A trail of kindness
Last evening, whilst passing through the woods close to our home, I saw a strange sight. A trail of lights flowed through the trees like a path of glow-worms. However, on close inspection, they turned out to be children and their parents (not worms) celebrating St Martin’s Day (11th November) with a lantern walk. And as they marched (this is what it looked like) they sang a song that went like this.
I'm going with my lantern
And my lantern goes with me.
Up above the stars are glowing,
And glowing, too, are we.
My light is out,
We're going home,
Rabimmel, rabammel, rabum.
And as they gathered together in a circle, on ground that once was inhabited by bands of Mesolithic hunters, they listened to folktales as a thunder storm wrapped itself around the valley.
Later, as I spoke to some of the parents around a campfire, they told me the story of St Martin.....
Once upon a time, in the year A.D 316, there was a knight called St. Martin, who joined the Roman Army. One day, St Martin was riding his horse to the city when he met a starving man. Feeling very sorry for the poor soul, St Martin tore his woollen cloak in two with his sword and gave half to the beggar.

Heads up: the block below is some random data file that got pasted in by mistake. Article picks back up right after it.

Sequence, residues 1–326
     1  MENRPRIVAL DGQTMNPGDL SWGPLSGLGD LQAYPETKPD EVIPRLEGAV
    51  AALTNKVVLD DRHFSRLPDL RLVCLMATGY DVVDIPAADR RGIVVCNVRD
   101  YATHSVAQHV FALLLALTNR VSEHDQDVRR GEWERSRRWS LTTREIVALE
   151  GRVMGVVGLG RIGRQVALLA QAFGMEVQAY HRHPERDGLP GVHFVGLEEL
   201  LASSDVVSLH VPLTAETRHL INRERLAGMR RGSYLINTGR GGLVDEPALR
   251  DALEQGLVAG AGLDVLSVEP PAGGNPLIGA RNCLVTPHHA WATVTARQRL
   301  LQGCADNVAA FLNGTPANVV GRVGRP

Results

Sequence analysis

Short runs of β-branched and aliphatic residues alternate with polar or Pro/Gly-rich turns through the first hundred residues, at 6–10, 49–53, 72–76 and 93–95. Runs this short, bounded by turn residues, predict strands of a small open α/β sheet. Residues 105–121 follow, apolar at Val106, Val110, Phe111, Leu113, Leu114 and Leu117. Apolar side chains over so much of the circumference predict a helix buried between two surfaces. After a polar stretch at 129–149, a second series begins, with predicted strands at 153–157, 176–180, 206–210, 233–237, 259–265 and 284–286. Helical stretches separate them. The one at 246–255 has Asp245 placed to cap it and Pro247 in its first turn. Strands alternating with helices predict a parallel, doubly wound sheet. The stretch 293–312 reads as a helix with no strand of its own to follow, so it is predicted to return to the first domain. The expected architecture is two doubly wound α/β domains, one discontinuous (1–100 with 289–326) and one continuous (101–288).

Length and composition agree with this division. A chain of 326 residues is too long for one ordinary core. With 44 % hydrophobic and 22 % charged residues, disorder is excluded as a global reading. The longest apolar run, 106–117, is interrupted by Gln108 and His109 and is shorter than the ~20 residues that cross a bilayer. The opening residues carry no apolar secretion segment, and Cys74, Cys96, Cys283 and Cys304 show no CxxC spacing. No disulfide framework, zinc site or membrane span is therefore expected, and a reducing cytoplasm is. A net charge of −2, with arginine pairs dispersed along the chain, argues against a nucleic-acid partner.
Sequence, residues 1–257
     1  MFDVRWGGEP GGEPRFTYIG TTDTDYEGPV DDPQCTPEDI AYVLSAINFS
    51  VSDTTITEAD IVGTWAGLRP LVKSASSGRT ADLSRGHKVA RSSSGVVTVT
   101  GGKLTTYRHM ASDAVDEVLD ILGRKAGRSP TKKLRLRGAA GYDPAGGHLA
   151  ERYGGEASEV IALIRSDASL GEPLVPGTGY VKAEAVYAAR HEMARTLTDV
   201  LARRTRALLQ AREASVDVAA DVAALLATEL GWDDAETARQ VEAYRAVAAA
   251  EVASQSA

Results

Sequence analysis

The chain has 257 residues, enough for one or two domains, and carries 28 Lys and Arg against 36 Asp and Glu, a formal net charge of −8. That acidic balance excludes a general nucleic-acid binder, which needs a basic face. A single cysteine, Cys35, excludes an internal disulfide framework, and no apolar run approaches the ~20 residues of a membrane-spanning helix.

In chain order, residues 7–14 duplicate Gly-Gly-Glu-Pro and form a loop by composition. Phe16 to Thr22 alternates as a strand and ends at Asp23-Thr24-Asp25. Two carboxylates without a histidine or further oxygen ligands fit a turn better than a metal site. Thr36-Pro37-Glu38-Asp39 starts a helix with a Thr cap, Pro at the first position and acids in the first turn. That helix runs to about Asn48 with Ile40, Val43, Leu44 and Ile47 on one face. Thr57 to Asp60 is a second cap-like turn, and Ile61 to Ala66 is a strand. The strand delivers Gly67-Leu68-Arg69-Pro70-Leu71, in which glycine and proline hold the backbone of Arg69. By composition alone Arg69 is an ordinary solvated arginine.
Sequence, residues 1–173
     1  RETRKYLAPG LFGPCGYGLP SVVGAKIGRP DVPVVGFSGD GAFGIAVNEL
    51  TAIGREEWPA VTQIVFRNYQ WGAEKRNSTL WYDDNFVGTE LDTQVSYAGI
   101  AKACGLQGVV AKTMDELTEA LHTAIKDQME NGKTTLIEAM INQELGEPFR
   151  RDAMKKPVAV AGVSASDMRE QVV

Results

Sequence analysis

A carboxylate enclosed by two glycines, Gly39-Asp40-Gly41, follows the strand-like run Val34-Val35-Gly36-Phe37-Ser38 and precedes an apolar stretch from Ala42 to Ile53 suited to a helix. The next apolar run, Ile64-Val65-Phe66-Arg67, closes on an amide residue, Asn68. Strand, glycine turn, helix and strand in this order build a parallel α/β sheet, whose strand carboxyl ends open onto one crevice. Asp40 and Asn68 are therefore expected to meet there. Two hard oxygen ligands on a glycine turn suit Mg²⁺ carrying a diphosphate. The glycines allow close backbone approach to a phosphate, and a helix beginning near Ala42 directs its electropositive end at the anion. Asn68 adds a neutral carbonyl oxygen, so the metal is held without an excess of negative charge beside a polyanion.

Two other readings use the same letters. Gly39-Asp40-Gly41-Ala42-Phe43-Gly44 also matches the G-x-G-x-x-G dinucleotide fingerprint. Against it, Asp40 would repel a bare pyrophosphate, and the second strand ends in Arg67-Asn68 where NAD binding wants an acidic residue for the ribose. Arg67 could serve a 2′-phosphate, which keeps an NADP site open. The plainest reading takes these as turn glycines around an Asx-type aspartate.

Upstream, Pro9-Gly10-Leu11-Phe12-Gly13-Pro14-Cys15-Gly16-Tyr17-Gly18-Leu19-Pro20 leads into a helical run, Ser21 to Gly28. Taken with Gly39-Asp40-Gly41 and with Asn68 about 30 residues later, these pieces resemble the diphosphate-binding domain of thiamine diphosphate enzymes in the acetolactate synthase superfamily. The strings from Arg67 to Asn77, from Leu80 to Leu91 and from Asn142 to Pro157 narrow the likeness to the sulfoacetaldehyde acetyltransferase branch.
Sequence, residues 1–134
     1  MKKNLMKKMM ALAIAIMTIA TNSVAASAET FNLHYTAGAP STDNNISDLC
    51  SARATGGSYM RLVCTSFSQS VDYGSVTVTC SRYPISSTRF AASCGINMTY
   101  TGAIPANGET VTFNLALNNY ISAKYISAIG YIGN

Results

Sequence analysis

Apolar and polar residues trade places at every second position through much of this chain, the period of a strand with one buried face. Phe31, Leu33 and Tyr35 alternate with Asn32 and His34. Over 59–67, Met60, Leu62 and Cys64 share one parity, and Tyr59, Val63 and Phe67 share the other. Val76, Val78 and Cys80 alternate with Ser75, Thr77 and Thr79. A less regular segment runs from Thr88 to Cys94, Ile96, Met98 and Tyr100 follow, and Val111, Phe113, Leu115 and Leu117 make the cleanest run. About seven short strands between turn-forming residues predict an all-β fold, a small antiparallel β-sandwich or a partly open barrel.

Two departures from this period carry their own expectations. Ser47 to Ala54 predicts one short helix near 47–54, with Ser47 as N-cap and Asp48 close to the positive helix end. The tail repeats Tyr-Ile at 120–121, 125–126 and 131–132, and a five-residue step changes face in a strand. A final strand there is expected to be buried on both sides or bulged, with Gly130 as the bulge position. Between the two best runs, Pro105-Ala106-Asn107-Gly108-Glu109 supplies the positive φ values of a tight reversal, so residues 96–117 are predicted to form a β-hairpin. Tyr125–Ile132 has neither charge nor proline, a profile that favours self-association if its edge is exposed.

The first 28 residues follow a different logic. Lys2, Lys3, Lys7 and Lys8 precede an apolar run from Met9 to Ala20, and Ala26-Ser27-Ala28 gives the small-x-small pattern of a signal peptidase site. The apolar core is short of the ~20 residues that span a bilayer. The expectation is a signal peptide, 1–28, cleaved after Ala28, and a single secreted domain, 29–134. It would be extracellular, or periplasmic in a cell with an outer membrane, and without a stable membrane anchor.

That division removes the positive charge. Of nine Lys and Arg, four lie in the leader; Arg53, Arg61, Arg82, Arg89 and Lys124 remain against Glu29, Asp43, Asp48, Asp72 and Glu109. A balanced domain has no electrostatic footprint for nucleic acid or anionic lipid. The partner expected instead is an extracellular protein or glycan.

That night, St Martin had a dream. He saw Jesus, surrounded by angels, wearing his cloak, the part he gave to the beggar and decided that he would devote his life to Christ and lead a simple life. And that is exactly what he did. And right across many countries such as France, Germany, Scandinavia, and Eastern Europe and United Kingdom and further afield again, people celebrate this Saint and the kindness he showed to others.
And on the eve of St Martin’s Day, we not only remember this kind and gentle soul, but it is alsothe eve of ‘Armistice Day’ when we remember the people who fought and died in World War 1. I will also take time to remember the animals that also went to war and died alongside the soldiers, in their thousands.
Let us never forget!